Should Scots be paying more towards their mortgages? - Carrington Dean stars-five-icons

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14.01.2019

Should Scots be paying more towards their mortgages?

A new survey from Which?, the Consumer Association body, has found Scots are less likely to be making overpayments to their mortgages than homeowners anywhere else in the UK.

The report found that compared to a UK average of 46% of homeowners who had made overpayments in the year running up to June 2018, only 38% of Scots did so, lagging behind owners in London (60%), Northern Ireland (48%) and the North East of England (41%).

The report also found that younger homeowners, aged between 18 and 24, were more likely to be making overpayments than any other age group, with 69% of them doing so, followed closely by those aged between 25 and 34, of which 52% who had made overpayments.

What are the benefits of making overpayments?

It may seem obvious, but the benefit of making overpayments is not just that mortgages can be repaid more quickly, but thousands of pounds in interest payments can be saved over the lifetime of a mortgage.

For example, take a £120,000 mortgage that is repayable over 25 years, with a fixed interest rate of 4%. The normal contractual payments would be £633.40 per month, meaning over the lifetime of the mortgage you actually pay £70,020 in interest (in addition to the £120,000 you borrowed – total £190,020).

However, by making just an extra payment of £100 per month, the amount of interest paid over the lifetime of the mortgage is cut by £16,278 and the mortgage itself is repaid in just less than 20 years – five years early!

If you didn’t pay that extra £100 per month into your mortgage and instead invested it in a savings account, with a 2% savings rate, at the end of the 20 years you would have saved £29,300, which is still £5,093 less than what you would need at that stage to clear your mortgage.

It’s an obvious a win, win strategy.

Changing circumstances

However, another factor that needs to be taken into consideration, when deciding if you want to repay your mortgage quicker, is what happens if your circumstances unexpectedly change at a later date? It may be okay finding an extra £100 per month when you are in your early twenties, but as everyone knows, once you start a family, household expenditure can quickly increase, meaning finding an extra £100 per month, may not be as easy as it sounds.

Your circumstances can change in other ways too: you may suffer ill health or a drop in income caused by any number of other factors that may impact on your income and expenditure, some of which may be out of your control, such as the cost of living.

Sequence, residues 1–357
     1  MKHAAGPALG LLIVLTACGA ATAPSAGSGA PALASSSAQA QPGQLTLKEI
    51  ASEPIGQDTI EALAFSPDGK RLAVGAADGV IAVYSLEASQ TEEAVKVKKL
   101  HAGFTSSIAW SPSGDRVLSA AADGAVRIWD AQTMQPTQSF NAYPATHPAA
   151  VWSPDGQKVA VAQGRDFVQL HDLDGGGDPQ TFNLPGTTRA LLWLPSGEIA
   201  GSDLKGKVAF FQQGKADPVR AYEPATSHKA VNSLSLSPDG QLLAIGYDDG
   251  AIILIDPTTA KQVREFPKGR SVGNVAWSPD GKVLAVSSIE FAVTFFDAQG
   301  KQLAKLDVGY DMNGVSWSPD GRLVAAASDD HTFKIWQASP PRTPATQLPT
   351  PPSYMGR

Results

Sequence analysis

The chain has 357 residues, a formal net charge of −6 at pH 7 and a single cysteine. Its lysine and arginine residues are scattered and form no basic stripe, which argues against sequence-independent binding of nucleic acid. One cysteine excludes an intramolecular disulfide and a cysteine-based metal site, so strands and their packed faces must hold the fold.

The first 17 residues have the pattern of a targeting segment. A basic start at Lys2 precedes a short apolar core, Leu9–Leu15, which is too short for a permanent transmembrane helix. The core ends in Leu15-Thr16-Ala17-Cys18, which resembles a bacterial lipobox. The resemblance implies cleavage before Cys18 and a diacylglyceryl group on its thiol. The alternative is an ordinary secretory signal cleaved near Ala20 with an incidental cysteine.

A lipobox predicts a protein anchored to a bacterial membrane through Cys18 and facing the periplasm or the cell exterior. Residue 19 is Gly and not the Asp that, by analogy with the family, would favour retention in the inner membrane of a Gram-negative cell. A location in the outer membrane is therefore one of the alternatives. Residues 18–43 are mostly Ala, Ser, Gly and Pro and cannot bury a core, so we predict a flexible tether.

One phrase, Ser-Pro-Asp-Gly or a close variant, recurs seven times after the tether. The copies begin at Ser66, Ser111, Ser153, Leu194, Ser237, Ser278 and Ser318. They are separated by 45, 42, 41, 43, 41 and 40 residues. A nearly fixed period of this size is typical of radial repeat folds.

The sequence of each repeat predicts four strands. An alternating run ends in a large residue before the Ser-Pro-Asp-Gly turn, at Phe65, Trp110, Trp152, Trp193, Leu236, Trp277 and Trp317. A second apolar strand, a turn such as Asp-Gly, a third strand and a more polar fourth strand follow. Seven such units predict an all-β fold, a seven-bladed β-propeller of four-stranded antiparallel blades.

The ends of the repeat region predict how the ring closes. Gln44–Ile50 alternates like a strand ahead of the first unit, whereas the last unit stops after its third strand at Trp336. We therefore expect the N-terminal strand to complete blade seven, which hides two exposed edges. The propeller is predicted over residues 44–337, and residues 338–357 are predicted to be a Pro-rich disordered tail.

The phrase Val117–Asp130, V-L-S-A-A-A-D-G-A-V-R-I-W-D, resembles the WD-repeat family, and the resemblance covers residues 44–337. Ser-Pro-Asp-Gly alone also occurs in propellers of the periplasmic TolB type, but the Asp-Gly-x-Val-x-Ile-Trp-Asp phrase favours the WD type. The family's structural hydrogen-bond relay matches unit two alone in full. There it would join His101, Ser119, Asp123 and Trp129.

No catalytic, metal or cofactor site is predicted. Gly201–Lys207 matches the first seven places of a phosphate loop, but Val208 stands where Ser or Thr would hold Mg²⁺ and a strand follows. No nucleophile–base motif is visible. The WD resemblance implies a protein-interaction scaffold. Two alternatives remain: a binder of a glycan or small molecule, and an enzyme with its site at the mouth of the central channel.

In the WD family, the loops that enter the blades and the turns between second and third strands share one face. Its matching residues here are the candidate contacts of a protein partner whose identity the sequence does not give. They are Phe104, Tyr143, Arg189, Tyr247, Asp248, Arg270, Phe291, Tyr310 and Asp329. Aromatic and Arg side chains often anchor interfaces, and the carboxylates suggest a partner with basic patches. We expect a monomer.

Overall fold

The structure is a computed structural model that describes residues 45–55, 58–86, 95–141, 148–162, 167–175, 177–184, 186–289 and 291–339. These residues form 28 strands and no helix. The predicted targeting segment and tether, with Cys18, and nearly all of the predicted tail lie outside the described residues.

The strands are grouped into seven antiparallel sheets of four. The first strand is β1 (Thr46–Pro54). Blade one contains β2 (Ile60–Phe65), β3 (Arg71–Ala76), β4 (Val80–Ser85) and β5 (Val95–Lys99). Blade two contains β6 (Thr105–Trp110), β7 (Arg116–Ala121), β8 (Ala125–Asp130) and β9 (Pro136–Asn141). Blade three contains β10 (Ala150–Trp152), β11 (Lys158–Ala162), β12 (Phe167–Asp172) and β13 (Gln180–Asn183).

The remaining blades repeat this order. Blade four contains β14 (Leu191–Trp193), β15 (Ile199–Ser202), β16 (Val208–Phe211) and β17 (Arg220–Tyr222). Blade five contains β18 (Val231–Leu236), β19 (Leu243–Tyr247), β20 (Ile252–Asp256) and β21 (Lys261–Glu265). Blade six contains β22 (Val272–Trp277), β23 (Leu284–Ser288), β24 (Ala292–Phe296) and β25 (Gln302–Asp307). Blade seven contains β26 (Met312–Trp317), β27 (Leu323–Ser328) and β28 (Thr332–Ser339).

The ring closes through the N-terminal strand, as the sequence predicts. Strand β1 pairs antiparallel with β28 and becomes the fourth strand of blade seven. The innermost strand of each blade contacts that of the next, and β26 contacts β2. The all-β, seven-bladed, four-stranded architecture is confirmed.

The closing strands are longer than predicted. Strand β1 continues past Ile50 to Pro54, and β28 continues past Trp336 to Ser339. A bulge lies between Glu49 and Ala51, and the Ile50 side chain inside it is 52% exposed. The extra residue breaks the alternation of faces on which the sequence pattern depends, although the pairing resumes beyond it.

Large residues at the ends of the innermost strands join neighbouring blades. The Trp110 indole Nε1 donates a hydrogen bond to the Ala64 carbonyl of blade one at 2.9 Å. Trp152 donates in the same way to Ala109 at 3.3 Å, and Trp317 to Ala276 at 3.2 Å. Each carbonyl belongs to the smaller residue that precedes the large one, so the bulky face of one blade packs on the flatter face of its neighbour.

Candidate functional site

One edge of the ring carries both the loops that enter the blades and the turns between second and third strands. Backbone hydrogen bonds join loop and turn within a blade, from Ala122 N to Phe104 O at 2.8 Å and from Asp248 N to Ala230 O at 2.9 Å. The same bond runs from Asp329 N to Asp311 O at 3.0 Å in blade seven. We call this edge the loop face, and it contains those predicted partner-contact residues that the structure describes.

One of the benefits of making overpayments, however, is they are voluntary, so you can start them or stop them as you need to. Also, where you have been making overpayments and then find you are struggling, possibly even to make the monthly contractual payments, it may be possible to reschedule your payments to take into account the fact you have been making overpayments. Alternatively, you may wish to re-mortgage for a lower amount, to reduce your contractual monthly payments.

How do you make overpayments when you are struggling already?

For many, however, making overpayments is just not a realistic option, because of other financial commitments: credit card payments, bank loans, overdraft fees…there are no shortage of competing demands on household incomes.

Even if the logic behind making overpayments is accepted, making the payments themselves is just not a realistic option for many. However, it also has to be borne in mind, for most homeowners, mortgages are long term commitments, so even if you cannot overpay today, that doesn’t mean you shouldn’t be doing so in future. The UK Financial Regulator, for example, has just recently revealed that of the homeowners that took mortgages out in 2017, more than 40% will still be repaying them after they are 65.

This means, even if you cannot make overpayments today, you can still be thinking about how you can get yourself into a position to do so later.

Trimming your current household expenditure and addressing any over-indebtedness is a good way to start. You need to start thinking about how you reduced your overall level of indebtedness and reduce the amount you are paying out each month on old debt repayments.

There is also the option to adopt a five-year plan to get yourself into a position where you can afford an extra £100 per month. If you do, you will have taken the first steps to not only being mortgage free but also having the option of retiring early when you still have time to enjoy it.

If you want to speak to with a Carrington Dean Money Adviser about getting your finances sorted, call 0808 2085 195. All advice is free and confidential.